Duterte says U.S., ex-Pres. Aquino allowed military build-up in S. China Sea

enablePagination: false
maxItemsPerPage: 10
totalITemsFound:
maxPaginationLinks: 10
maxPossiblePages:
startIndex:
endIndex:

President Rodrigo Duterte. (FILE PHOTO)

Metro Manila (CNN Philippines, May 5) — President Rodrigo Duterte is blaming the United States and his predecessor Benigno Aquino III for the continuing military build-up in the South China Sea.

He said Friday said that the U.S. and Aquino did not do enough to stop the military build-up. He was reacting to media reports days earlier citing U.S. intelligence assessment that China may have deployed anti-ship and anti-aircraft missiles on three artificial islands in the South China Sea during recent military drills in the contested area.

Presidential Spokesperson Harry Roque told reporters Saturday that the government will resort to diplomacy and all peaceful measures available to address the issue.

"You cannot build an island, artificial island on the high seas. That's not allowed. And the only country who could have stopped them was America," Duterte said in a speech in Davao Friday.

He said Aquino failed to confront China with the decision of the Permanent Court of Arbitration, erroneously saying Aquino was still in office when the ruling came out.

"So Aquino filed an arbitration case. We won. He was still there. Bakit hindi niya ginawa kung 'yan talaga ang gusto ng 'yan silang mga yellow. Nanalo kayo. Nandiyan pa si Aquino, not so many months there. Bakit hindi niyo pinuntahan at sinita?" Duterte said.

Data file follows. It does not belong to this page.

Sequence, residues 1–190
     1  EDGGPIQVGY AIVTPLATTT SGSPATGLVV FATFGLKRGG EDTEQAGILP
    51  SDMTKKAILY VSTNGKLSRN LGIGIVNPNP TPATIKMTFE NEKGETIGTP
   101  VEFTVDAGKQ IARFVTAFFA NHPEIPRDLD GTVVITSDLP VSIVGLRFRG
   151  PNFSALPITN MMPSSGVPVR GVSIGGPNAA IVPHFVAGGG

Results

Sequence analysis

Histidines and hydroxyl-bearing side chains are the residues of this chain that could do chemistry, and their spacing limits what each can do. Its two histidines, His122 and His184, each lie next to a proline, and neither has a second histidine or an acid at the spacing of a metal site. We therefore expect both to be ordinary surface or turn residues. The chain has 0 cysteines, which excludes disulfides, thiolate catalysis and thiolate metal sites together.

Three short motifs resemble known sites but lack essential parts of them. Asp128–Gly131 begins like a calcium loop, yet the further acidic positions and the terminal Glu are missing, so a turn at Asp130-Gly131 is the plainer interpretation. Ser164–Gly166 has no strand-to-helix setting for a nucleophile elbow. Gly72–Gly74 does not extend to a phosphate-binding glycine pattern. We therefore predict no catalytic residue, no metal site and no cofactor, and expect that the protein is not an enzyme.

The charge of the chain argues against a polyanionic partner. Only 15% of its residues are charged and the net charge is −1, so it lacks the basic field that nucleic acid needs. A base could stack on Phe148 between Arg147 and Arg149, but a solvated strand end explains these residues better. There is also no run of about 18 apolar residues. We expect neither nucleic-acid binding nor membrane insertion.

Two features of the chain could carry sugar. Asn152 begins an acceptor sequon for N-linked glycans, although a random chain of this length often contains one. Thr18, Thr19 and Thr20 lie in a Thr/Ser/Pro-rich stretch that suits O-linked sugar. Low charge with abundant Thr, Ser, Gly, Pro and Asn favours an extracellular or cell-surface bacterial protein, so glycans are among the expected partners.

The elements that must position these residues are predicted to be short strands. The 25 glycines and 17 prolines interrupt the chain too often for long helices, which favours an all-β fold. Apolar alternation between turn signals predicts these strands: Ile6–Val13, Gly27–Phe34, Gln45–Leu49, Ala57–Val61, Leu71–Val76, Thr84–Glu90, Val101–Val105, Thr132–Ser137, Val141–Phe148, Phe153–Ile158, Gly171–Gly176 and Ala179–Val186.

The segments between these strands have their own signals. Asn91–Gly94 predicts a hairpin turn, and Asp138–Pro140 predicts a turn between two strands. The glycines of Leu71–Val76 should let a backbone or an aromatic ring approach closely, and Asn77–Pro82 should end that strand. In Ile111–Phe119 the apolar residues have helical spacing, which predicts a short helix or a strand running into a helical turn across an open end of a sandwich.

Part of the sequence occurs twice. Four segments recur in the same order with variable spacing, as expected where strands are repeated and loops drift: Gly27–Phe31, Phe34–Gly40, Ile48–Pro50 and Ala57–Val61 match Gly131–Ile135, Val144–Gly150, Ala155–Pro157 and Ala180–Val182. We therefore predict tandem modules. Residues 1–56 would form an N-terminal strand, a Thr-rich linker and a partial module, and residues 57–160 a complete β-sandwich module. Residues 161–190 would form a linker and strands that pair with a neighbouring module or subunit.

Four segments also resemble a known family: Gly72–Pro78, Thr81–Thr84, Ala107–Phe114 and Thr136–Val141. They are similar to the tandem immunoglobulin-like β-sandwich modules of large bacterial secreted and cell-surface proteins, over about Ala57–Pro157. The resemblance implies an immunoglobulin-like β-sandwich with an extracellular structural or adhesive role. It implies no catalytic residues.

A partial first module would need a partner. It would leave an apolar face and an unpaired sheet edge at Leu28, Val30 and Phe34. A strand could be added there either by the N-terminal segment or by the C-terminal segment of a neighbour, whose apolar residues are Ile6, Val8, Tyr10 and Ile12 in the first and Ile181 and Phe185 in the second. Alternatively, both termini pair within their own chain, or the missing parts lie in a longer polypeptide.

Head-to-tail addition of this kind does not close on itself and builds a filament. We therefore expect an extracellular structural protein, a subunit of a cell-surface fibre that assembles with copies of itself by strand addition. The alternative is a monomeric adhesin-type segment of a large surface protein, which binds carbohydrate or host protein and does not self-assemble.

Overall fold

[Translation: So Aquino filed an arbitration case. We won. He was still there. Why did he not attend to it if the yellows wanted it so much? You won, Aquino was still there. Why did you not head there and call them out?]

Under Aquino, the Philippines brought its disputes with China to international arbitration. The ruling came out on July 12, 2016 — a few days after Duterte assumed office — invalidating China's vast territorial claims to the South China Sea on historical grounds and ruling overwhelmingly in favor of the Philippines.

Duterte has refused to demand China's immediate compliance with the ruling, but has promised to take up the tribunal decision with Beijing sometime during his six-year presidency.

Presidential Spokesperson Harry Roque on Saturday said the Philippine government will resort to diplomacy over the alleged Chinese missile systems deployed in the contested islands of the South China Sea.

When asked how government would address the situation, Roque said, "It includes everything that's provided for in the U.N. (United Nations) Charter, it includes resort to diplomacy, resort to diplomatic protest if the DFA (Department of Foreign Affairs) deems it fit, but it resorts to all forms of peaceful resolutions of disputes."

China has reportedly deployed missile systems in three islands of the South China Sea during their exercises last month, U.S. defense officials said.

The approach, Roque said, capitalizes on China's relations with the Philippines.

"Dahil ang magkakaibigan naman, di tayo gumagamit ng dahas laban sa isa't-isa," he said.

[Translation: Friends don't use violence against each other.]

Malacañang earlier dismissed claims that the missiles were aimed at the country.